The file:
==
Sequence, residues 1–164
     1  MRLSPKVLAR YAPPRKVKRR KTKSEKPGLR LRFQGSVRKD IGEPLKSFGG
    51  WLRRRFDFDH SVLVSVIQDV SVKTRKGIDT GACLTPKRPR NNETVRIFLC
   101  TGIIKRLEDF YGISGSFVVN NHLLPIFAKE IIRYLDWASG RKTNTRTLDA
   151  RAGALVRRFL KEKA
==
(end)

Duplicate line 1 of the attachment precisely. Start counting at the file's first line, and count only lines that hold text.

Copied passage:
Sequence, residues 1–164